• The ability to describe the learning pathway embodied in an eTextbook, and vary either the content used on this pathway or to provide different pathways through the same content
  • The ability to describe a range IPR and licensing arrangements of the whole and of specific components of the eTextbook
  • The ability to interact with learning systems with data flowing in both directions

If you’re thinking that sounds like a list of the educational technology issues that we have been busy with for the last decade or two, then I would agree with you. Furthermore, there is a decade or two’s worth of educational technology specs and standards that address these issues. Of course not all of those specs and standards are necessarily the right ones for now, and there are others that have more traction within digital publishing. EPUB3 was well represented in the meeting (DITA is the other publishing standard mentioned in the eTernity documentation, but no one was at the meeting to talk about that) and it doesn’t seem impossible to meet the educational requirements outlined in the meeting within the general EPUB3 framework. The question is which issues should be prioritised and how should they be addressed.

Of course a technical standard is only an enabler: it doesn’t in itself make any change to teaching and learning; change will only happen if developers create tools and authors create resources that exploit the standard. For various reasons that hasn’t happened with some of the existing specs and standards. A technical standard can facilitate change but there needs to a will or a necessity to change in the first place. One thing that made me hopeful about this was a point made by Owen White of Pearson that he did not to think of the business he is in as being centred around content creation and publishing but around education and learning and that leads away from the view of eBooks as isolated static aggregations.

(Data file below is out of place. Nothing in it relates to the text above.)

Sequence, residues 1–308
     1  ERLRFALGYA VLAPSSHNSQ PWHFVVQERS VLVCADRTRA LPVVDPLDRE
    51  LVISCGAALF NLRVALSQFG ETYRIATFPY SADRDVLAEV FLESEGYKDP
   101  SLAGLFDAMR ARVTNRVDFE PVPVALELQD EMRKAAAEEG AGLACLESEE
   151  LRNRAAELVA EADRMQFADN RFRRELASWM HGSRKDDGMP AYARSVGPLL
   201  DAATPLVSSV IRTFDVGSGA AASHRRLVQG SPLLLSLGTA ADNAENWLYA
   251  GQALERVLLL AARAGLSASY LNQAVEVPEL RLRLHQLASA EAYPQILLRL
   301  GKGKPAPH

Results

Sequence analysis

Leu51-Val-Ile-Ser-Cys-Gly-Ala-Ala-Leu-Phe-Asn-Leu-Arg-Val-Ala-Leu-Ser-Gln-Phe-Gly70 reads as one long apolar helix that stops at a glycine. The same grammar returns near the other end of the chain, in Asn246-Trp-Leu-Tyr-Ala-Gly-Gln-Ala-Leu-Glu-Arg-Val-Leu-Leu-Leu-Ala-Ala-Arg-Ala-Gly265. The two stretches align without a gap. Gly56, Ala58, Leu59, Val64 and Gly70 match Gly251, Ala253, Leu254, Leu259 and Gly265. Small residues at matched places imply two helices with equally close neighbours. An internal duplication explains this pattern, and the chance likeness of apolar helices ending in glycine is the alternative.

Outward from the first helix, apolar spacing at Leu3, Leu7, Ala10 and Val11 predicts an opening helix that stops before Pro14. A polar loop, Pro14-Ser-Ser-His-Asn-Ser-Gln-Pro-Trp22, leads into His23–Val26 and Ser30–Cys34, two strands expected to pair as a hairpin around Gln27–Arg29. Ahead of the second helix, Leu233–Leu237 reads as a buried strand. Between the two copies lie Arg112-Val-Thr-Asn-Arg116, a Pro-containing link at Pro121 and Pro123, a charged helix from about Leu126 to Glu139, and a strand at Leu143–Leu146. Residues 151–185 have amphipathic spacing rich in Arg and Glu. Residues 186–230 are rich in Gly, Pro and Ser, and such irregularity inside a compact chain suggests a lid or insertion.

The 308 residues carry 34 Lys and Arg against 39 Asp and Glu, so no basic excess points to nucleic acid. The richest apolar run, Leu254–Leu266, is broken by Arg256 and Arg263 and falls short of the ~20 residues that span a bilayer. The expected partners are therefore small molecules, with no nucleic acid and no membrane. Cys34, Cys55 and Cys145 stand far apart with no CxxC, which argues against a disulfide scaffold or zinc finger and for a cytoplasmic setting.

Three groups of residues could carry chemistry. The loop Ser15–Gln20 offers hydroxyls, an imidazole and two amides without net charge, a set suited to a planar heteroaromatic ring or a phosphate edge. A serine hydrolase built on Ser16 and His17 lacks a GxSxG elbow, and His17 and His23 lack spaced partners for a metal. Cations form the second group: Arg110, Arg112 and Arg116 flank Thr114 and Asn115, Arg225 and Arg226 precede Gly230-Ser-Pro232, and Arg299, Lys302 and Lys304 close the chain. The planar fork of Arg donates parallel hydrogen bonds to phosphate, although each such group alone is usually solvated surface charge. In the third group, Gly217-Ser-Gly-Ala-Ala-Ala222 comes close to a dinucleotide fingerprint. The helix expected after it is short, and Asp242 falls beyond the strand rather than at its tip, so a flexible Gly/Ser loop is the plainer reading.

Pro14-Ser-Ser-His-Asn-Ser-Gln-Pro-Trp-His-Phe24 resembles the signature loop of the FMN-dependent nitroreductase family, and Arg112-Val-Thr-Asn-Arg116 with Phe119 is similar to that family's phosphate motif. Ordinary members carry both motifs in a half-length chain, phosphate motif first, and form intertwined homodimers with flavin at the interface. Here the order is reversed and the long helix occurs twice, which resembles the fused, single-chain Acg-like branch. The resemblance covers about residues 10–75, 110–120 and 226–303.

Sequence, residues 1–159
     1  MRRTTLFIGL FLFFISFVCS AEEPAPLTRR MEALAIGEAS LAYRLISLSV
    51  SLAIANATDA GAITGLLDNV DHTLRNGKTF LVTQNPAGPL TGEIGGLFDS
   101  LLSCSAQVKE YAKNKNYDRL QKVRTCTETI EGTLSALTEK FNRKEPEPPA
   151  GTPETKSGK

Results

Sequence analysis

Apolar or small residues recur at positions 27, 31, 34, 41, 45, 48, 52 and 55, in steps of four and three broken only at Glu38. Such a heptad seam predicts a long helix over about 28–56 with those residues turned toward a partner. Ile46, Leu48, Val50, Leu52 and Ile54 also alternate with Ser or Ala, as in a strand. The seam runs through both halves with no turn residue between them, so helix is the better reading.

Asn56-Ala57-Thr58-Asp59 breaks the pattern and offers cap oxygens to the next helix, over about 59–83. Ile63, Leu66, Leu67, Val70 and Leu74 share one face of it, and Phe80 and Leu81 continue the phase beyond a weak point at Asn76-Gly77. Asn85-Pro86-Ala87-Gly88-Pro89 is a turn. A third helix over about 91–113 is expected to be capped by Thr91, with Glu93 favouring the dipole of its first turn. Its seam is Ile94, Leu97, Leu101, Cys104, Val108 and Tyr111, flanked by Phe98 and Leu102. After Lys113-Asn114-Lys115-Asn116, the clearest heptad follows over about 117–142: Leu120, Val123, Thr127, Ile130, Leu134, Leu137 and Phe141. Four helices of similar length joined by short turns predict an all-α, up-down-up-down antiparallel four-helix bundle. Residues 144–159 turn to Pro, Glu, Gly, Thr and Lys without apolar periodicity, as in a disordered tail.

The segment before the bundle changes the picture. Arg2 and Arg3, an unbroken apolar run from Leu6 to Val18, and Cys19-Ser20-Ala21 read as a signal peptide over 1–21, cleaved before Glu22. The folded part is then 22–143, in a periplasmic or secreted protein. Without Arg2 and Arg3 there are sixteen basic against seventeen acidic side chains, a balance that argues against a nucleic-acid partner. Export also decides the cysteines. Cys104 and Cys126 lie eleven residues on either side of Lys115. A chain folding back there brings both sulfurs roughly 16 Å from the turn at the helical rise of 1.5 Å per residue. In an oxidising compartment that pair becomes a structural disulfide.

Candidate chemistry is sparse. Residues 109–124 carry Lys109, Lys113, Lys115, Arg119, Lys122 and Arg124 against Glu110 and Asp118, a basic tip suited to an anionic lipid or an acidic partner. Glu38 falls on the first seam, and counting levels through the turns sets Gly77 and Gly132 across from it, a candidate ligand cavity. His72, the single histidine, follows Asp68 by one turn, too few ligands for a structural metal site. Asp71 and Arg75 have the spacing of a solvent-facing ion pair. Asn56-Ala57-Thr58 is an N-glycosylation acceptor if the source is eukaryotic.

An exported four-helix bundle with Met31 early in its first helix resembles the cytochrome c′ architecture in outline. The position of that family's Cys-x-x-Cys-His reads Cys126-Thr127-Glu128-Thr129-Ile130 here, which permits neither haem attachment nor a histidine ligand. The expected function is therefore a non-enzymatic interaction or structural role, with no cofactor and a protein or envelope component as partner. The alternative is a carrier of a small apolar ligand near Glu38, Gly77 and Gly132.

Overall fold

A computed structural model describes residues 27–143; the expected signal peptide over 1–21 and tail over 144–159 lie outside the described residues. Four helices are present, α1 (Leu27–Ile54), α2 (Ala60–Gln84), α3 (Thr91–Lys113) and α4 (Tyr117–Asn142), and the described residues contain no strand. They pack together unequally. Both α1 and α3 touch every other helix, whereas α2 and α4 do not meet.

For more information keep an eye on the eTernity website

Shock! Interoperability in the serious games space.

I have been speaking at the Apply serious games event occuring in London this week, this included chairing a panel addressing the technical challenges being faced by the industry (both fun and serious games).

One of the consistent themes expressed by industry representatives was the lack of interoperability that currently exisits between tools, middleware and the various development platforms.My read on this is that this is indicative of a change in mindshift in the industry, no doubt prompted by the huge costs now incurred by developers in working on new (console) platforms such as the xbox360 or Playstation 3.